BAD DEBTS by Geoffrey Wolff

BAD DEBTS

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KIRKUS REVIEW

Mr. Wofff's quick, sharp diversion ranges from Charcoal grey to jet black comedy by the time that he's through with it -- a short contemporary conte whose one liability may be the lack of any counterbalancing, redeeming qualities in the lives so dismembered here. Benjamin Freeman is a paranoid paranuisance who worked only once briefly for a living (as an assistant conductor on a train) and ever since has been a congenital spender and chronic liar. His wife Ann, whose money he went through like a dose of salts, left him to live in rather commonplace anonymity in Danbury, Conn. Their only son, Caxton, who supports them both, made his way up rather ambitiously, rather ambiguously behind the scenes in Washington only to be dumped unceremoniously. The final confrontation-liberation scenes are of increasing abrasiveness but Bad Debts has several short term assets -- it's a facile, spiky entertainment of some flair.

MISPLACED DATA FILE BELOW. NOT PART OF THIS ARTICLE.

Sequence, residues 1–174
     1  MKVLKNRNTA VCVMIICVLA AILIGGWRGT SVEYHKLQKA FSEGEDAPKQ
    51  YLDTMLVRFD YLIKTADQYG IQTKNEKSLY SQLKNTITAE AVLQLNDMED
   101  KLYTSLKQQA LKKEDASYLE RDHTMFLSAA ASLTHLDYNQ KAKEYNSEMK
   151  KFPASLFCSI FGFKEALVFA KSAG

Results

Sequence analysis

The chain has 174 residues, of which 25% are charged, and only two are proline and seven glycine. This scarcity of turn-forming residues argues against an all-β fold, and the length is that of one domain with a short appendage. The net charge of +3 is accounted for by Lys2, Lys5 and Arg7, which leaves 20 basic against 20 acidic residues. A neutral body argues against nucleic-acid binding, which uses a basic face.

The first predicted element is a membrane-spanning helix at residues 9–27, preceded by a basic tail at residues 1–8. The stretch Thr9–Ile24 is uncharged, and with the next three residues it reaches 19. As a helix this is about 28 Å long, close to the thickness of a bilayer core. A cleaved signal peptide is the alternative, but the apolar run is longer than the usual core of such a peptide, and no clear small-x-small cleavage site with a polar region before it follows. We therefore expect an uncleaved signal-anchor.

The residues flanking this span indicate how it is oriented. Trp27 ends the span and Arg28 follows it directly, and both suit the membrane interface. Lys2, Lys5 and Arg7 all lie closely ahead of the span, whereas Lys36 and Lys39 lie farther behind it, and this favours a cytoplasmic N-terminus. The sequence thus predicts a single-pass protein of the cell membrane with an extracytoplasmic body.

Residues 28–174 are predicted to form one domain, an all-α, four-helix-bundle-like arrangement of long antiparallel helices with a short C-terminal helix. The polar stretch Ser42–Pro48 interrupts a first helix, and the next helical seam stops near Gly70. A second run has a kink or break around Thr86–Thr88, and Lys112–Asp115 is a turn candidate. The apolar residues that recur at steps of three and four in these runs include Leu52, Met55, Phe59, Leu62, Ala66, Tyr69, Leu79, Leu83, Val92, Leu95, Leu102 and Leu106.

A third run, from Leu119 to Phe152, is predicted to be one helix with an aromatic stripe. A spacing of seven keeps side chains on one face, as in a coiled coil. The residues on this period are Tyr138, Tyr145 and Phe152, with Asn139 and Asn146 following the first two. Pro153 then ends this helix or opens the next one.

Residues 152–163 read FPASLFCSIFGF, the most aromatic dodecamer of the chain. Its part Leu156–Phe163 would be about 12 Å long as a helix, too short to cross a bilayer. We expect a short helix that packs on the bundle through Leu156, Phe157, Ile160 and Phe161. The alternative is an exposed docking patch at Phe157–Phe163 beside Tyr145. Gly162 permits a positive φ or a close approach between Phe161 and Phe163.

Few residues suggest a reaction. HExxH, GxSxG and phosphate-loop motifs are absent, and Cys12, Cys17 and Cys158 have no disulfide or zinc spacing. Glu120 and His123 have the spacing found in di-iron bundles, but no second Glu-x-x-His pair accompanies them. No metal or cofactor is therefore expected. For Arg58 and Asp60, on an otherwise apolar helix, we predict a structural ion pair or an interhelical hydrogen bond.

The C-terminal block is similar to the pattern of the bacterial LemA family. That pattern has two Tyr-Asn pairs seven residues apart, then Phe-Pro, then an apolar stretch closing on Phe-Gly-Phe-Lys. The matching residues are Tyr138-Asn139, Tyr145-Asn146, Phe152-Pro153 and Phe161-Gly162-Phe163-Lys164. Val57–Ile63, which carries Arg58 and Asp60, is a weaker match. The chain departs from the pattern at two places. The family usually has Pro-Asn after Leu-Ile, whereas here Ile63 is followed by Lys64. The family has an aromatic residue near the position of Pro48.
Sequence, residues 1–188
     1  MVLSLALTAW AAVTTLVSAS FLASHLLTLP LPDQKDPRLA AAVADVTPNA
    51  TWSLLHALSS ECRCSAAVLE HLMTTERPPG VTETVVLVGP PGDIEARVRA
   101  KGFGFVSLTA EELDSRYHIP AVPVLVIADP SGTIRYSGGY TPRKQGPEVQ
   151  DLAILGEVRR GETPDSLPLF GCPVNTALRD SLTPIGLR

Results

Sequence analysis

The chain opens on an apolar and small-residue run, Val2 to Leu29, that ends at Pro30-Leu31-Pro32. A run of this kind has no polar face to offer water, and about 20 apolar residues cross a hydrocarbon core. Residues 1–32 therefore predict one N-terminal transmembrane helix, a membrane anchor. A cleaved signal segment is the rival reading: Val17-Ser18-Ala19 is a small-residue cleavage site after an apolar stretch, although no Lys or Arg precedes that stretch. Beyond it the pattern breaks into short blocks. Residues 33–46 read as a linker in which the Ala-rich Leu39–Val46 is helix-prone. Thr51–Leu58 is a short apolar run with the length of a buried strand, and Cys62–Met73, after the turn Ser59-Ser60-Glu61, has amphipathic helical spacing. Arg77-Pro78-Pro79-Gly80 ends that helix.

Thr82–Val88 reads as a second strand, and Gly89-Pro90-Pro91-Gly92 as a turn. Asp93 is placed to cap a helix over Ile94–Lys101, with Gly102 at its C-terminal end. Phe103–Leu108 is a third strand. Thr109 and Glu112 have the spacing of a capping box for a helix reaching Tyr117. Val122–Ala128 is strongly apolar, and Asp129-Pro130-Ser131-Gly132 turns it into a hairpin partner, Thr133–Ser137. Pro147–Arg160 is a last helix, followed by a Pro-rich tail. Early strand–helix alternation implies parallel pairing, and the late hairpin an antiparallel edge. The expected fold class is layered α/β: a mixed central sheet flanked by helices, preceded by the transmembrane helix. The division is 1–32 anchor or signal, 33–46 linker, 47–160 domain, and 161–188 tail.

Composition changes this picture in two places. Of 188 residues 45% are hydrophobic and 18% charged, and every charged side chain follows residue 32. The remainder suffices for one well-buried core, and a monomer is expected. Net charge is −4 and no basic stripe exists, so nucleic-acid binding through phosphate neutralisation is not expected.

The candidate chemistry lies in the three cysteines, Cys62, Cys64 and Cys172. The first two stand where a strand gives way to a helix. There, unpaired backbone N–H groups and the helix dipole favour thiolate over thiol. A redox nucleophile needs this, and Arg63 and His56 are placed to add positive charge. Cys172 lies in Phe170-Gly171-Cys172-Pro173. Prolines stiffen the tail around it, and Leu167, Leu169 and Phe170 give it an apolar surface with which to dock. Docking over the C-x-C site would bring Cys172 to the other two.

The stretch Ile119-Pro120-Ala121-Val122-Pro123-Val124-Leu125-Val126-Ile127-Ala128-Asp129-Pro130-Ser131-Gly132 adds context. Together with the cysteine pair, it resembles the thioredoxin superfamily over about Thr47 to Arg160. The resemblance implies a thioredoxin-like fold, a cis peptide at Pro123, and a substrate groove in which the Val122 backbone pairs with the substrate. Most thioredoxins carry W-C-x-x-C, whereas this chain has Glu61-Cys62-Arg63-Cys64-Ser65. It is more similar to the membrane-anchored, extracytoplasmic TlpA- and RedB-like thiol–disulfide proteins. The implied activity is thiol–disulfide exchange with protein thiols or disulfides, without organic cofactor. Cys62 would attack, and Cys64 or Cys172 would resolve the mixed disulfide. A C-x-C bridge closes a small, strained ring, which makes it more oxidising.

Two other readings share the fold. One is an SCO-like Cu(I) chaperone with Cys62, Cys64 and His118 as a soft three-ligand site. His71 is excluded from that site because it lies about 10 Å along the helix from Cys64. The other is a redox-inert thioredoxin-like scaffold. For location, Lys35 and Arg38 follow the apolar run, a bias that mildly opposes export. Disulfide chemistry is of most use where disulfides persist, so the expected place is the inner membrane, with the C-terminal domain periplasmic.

Pub Date: Nov. 1st, 1969
Publisher: Simon & Schuster